A nanny is employed to look after your child or children at your home. Nannies do not need to have formal childcare qualifications, but many do have nursery nurse or other relevant childcare qualifications.
Nannies do not have to be registered or inspected by Ofsted unless they are looking after children from more than two families, so it is good to obtain references and check for DBS clearance before employment commences.
Nannies can either live in or come to your home for their set hours or days.
Some nannies have registered with Ofsted on the voluntary register.
An au pair is a young person who is:
- single with no dependants
- between 17 and 27
- prepared to stay between 6 months and 2 years.
An au pair travels to the United Kingdom to study English and live with an English-speaking family. In exchange they will help care for your child or children and are expected to help with the house work such as cleaning, dusting, ironing etc. They help out in the home for up to five hours a day with at least two full days off a week, in exchange for a weekly allowance, meals and their own room.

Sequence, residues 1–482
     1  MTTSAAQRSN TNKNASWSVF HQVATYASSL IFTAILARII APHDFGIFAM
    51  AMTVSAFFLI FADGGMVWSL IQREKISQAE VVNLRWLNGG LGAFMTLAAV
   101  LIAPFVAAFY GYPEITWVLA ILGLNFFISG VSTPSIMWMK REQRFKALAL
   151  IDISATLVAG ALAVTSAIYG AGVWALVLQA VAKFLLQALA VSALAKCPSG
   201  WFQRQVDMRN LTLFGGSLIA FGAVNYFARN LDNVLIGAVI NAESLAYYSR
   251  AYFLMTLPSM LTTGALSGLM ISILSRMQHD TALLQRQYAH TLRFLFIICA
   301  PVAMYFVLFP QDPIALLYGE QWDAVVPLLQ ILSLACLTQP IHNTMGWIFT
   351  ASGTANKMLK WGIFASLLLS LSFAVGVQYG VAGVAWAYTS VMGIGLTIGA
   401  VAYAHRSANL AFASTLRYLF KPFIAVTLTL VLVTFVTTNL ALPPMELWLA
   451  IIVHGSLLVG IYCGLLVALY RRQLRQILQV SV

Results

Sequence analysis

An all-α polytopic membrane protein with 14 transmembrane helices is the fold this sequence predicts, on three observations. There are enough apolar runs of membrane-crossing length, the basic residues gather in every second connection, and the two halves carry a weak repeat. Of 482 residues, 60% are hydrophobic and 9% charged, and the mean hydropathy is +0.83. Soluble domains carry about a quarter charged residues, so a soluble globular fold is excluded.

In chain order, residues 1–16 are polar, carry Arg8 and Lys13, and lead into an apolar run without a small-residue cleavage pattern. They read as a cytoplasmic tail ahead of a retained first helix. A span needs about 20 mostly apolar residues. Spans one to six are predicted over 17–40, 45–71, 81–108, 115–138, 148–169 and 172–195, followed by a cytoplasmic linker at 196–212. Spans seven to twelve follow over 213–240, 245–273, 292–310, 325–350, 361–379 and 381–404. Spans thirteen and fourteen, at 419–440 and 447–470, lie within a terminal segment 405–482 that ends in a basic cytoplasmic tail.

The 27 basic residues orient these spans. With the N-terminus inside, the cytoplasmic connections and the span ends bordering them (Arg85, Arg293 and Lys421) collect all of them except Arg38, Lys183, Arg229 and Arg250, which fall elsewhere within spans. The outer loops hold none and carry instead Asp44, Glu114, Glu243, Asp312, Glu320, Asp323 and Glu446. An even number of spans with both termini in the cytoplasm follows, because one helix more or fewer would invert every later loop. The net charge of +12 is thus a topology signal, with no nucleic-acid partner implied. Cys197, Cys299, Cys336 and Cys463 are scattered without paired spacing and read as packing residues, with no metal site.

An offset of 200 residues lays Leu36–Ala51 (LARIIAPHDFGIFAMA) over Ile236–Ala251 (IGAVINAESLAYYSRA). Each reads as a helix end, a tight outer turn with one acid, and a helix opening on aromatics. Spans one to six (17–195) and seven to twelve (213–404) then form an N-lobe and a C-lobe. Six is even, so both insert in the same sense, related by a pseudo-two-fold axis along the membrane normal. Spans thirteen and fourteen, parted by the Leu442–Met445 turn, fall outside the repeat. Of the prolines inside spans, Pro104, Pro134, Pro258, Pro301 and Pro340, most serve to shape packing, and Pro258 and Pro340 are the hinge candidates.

Au pairs do not need to be registered or inspected so it is important that you follow up and check references. They are not usually trained to work with children so are generally considered inappropriate to care for a young baby, but can be a good option when it comes to providing affordable after-school care.
More information can be found on the British Au Pair Agencies Association website.
Babysitters look after children in the child's home, generally for short term/one off evening/weekend periods. They do not need to be registered or inspected although however some registered childminders do offer babysitting services. Some babysitters may be found on the Family Services Directory
Questions to ask
Before you arrange home-based care think about asking some of the following questions:
- Can they provide referees?
- What childcare experience/qualifications do they have?
- Why do they enjoy working with children?
- How would they organise a child's day?
- What is their attitude to issues like discipline, sleep and food?
- How will they spend off-duty time if living in?
- Have they completed any training?
- Do they have a DBS disclosure?
- Have they got a first aid certificate?
Other places to find childcarers
Some parents and nannies advertise in local papers, specialist national magazines and there are many nanny agencies that advertise in phone directories and on the internet. See nanny agencies on the Family Information Directory. Nanny agencies will charge a fixed fee or a percentage of the nanny's salary. Nanny agencies have to be registered employment agencies.
Voluntary Ofsted Childcare Register
Nannies and other home-based childcarers can apply to join the voluntary part of the Ofsted Childcare Register and will have to meet basic criteria to do this.